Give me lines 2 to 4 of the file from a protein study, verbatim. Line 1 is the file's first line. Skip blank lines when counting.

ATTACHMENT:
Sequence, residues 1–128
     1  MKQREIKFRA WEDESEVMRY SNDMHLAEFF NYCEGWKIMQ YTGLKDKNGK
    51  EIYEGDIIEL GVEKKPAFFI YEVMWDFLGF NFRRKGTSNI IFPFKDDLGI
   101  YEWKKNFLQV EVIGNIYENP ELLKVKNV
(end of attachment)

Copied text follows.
     1  MKQREIKFRA WEDESEVMRY SNDMHLAEFF NYCEGWKIMQ YTGLKDKNGK
    51  EIYEGDIIEL GVEKKPAFFI YEVMWDFLGF NFRRKGTSNI IFPFKDDLGI
   101  YEWKKNFLQV EVIGNIYENP ELLKVKNV